Hype Williams: Rainbow Edition

Hype Williams: Rainbow Edition

Rainbow Edition evokes encroaching dread.

Hype Williams: Rainbow Edition

3.5 / 5

If Dean Blunt is to be believed, Rainbow Edition—the first album proper from his Hype Williams project in six years—wasn’t made by him or his partner Inga Copeland but by some people named Slaughter and Silvermane. This is classic Blunt bullshit. This music sprouts logically from what he’s been doing with his recent Babyfather and Blue Iverson projects, and about half of it was quietly released earlier this year as Sweetchinmusik Vol.1. Some of the low-key Hype Williams tapes that preceded it are in line with the sounds Copeland’s been exploring with her recent Lolina project. This is likely a solo Blunt joint, but one can only guess; Blunt likes it that way.

Rainbow Edition evokes encroaching dread, rusted metal façades and rainy urban hellscapes. Damaged, diminished chords hang low like a toxic fog as stray sounds from radio rap and R&B slither about in search of a song. Like the post-club music on London label Night Slugs, Rainbow Edition repurposes poptimist cues—Auto-Tune, trap drums, untreated MIDI sounds—for deliberately difficult music. To match, Hype Williams repurposes bits of R&B detritus for its aesthetic; the title of “Spinderella’s Dream” references a Salt-N-Pepa song, while “This Is Mister Bigg. How You Doing Mister Bigg” takes its name from a lyric from “Friend of Mine” by Kelly Price—whose music video was directed by one Hype Williams.

These aren’t just hipster cues to make Blunt sound smart. His recent work has been defined by an appreciation of black art in the face of the withering systematic inequality that would destroy those artists’ livelihoods. BBF Hosted by DJ Escrow, the first album from his Babyfather project that was a dark horse for album of the year last year, framed its loving grime tributes against the paranoid, incessant sound of police sirens. Its opening refrain: “This makes me proud to be British,” repeated until the syllables lose their meaning. His references are cheeky, but they’re not ironic; Blue Iverson’s Hotep featured the famous Lauryn Hill stencil not as a joke but because Lauryn Hill’s the shit.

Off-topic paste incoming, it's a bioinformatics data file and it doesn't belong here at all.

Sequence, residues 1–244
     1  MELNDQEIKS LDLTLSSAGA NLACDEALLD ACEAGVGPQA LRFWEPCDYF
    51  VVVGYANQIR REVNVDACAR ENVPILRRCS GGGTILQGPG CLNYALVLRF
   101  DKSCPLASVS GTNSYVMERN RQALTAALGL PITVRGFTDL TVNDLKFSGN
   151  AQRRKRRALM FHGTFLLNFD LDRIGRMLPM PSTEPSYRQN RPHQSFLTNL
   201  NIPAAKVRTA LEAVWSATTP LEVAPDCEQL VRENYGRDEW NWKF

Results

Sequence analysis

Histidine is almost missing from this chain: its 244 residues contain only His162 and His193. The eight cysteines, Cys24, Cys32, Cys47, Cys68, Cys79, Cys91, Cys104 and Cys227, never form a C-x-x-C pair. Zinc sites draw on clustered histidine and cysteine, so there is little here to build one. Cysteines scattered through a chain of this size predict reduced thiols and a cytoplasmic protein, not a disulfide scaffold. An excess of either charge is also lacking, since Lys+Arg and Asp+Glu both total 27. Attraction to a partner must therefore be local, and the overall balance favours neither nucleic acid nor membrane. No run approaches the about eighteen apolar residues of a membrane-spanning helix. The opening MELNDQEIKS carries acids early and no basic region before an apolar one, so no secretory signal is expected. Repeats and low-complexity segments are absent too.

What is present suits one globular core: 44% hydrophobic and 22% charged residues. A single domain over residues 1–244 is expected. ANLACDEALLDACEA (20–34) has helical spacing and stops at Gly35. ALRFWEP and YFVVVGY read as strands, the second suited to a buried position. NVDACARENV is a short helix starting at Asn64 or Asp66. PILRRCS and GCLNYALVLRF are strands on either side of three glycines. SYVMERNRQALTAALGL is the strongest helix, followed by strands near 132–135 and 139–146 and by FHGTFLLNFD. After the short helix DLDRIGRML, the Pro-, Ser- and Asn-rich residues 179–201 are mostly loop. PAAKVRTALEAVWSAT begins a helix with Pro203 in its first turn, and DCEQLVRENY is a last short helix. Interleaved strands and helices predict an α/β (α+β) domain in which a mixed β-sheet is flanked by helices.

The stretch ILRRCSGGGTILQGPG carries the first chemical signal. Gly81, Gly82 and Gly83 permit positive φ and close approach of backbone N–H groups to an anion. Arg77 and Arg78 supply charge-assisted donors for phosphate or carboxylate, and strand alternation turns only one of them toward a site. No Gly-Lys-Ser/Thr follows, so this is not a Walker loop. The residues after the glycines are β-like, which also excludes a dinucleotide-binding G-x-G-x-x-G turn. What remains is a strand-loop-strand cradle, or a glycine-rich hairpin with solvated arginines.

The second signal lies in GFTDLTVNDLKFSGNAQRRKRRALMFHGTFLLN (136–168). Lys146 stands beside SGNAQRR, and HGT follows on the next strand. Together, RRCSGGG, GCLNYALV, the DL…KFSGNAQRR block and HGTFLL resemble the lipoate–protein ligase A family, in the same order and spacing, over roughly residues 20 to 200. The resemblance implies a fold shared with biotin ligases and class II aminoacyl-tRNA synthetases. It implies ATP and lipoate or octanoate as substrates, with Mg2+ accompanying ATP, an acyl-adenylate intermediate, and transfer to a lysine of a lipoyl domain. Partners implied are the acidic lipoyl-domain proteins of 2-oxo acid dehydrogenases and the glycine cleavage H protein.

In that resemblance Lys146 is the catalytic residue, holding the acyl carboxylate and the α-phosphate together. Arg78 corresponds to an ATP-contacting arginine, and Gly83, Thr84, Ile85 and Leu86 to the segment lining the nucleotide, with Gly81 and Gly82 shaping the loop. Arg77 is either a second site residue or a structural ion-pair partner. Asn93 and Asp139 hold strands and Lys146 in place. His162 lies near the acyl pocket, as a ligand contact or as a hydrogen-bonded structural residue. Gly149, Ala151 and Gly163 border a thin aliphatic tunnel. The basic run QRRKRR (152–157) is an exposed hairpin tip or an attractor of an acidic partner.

There’s some of the same worldbuilding-as-social-commentary here. The album begins with a woman castigating a group of “Uncle Toms” in the stilted language of blaxploitation acting, and it poignantly ends with a sample from Jim Cartwright’s play Road, in which a group of working-class youths chant “somehow we will escape” as a mantra in pained, strained voices. In between, a man sighs about how “#Blackcardsmatter.” There’s no explicit statement here as on BBF, but it’s possible the hellscape he creates is a sonic visualization of the quagmire of systematic racism. The music itself feels dead and oppressive, and its beats seem hopelessly stagnant in their refusal to groove. The voices, outbursts of frustration amid the blank deadness of the landscape, are a relief.

The flaw in this approach is that this deadness has a certain appeal, especially in the vaporwave age where eerie artificiality is music-nerd catnip. This is actually one of the more likable and listenable recent Blunt projects, in part because his half-joking, heavy-lidded rapping and singing are absent from the picture. More listeners are likely to listen to this to bring a bit of Blade Runner aesthetic to their day than to scour it for its societal criticisms. It’s hard to say how we’re meant to approach the album. But do you really think Blunt would be one to tell us?

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